Besides being free of chemical ingredients, natural mineral makeup goes a step further: It actually helps protect the skin from sun damage because the main ingredients in most mineral makeup, zinc oxide and titanium dioxide, act as a form of sun block. "Because the makeup is lying on top of the skin, it naturally blocks sunlight by reflecting and diffusing it. However, the amount of protection you'll get will depend on how much makeup you put on—everyone is different," Consalvi says. For this reason, while mineral makeup can offer some sun protection, it shouldn't replace sun block as your customers' first line of defense against sun damage.
The composition of mineral makeup is also great for women with especially sensitive skin. Since the natural mineral particles are too big to penetrate the skin's surface, the makeup does not interfere with the skin's natural processes. "Mineral-based makeup lies on top of the skin and doesn't penetrate into the pores. This means the products are non-comedogenic and allow the skin to work underneath them like it would normally. Mineral makeup is great for those with acne, rosacea or sensitive skin," Consalvi says.
Because the compounds used in mineral makeup come from the earth and are coarse by nature, it takes vigorous processing to grind them into the fine material used to produce makeup. This procedure is called micronizing, and some argue that micronized makeup is harmful, especially if the makeup is micronized into nano-sized particles.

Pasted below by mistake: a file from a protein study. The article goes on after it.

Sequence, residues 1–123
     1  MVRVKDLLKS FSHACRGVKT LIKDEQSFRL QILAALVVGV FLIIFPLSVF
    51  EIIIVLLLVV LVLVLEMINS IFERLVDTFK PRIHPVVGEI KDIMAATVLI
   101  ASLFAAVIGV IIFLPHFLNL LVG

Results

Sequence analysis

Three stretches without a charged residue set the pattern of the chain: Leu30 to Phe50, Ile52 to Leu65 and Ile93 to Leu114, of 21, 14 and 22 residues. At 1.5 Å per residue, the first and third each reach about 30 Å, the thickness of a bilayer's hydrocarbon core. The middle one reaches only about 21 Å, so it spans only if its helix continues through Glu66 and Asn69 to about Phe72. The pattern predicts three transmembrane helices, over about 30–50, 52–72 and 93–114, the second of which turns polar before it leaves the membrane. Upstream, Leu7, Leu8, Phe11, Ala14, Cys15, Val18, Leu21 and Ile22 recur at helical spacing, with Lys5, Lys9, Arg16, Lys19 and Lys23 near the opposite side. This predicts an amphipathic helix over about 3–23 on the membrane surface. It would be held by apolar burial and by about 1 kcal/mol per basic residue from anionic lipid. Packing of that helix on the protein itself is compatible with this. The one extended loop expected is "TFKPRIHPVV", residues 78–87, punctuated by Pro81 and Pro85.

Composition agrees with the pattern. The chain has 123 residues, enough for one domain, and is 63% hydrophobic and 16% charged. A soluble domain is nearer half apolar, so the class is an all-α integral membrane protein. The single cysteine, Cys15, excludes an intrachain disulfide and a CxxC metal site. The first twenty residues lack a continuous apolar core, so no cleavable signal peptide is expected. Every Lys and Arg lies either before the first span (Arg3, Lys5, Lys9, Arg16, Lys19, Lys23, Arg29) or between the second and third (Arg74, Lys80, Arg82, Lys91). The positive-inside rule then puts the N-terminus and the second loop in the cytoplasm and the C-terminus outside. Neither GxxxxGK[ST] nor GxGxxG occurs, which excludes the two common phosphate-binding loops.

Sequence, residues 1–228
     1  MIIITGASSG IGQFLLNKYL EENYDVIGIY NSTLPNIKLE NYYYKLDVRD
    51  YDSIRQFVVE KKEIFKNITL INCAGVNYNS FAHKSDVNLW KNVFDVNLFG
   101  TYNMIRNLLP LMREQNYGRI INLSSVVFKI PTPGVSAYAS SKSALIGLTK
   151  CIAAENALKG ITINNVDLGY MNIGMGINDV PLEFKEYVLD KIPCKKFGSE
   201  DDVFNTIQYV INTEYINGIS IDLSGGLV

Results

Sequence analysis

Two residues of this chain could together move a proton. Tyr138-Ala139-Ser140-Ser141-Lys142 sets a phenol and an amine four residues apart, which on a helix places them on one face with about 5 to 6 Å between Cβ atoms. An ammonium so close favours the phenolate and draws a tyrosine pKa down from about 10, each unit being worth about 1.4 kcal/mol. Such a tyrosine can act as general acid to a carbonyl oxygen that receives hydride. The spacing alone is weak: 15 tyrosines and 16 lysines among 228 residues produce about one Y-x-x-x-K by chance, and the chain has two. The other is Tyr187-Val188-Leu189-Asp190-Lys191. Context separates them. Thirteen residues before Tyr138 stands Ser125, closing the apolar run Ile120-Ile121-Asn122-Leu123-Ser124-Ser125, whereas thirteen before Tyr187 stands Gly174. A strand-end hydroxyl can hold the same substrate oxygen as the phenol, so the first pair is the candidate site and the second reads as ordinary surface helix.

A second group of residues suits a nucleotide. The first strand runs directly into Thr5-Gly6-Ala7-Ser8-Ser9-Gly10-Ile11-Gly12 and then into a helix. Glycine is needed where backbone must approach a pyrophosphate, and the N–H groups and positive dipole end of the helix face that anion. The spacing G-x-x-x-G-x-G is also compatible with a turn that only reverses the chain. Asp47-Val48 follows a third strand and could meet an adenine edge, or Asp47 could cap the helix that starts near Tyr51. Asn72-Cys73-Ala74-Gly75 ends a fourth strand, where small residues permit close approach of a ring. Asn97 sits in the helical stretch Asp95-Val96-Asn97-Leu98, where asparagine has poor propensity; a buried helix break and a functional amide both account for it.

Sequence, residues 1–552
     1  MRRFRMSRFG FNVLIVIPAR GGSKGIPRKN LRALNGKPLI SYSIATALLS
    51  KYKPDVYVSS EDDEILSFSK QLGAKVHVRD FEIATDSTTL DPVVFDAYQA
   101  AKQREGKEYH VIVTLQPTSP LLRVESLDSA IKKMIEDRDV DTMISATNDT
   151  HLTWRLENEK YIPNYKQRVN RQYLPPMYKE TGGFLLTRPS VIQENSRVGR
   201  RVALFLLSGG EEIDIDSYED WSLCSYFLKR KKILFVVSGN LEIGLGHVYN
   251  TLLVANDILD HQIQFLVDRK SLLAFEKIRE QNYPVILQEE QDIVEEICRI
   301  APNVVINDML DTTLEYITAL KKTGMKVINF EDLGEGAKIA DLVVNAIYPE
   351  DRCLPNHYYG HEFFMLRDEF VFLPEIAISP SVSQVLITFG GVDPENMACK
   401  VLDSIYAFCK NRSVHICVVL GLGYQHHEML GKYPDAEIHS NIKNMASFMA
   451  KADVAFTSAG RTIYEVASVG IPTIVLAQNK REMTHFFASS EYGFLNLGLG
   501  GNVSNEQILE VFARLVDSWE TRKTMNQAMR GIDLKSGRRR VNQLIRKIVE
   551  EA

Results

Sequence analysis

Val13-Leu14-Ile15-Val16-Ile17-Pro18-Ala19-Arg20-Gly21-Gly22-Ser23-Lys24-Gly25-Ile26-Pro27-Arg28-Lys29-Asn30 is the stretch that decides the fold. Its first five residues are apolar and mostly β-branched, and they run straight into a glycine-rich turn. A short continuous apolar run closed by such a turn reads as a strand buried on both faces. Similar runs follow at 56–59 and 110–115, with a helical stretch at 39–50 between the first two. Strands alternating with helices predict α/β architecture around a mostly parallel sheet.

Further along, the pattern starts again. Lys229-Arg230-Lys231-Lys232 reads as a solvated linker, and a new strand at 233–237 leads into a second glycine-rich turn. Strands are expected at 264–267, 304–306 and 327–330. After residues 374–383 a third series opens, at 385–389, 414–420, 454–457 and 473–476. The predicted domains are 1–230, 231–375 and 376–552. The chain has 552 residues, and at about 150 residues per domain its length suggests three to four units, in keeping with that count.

"Nano particles are dangerous, and unless particles are coarse, like the particulate size we use,?nano particles?will penetrate the cell membrane and cause DNA damage," Stryker says. Research has shown that many types of nano-materials can be toxic to human tissue and cell cultures, resulting in DNA mutation and even cell death, according to an October 2006 report by Friends of the Earth, an environmental watchdog organization based in Washington, D.C.
However, smaller particles appear more attractive on the skin. "We use a triple-milled process to grind down our makeup. This allows us to create products with a matte finish—you can't get that in non-micronized makeup. So our makeup is micronized, but only to a safe level, not into nano-particles," Consalvi says. "The antioxidants in the products are able to mix with the natural oils in the skin, which allows them to penetrate the epidermis. The mineral particles remain on top because they don't mix with the oils and are too big to be absorbed into the skin."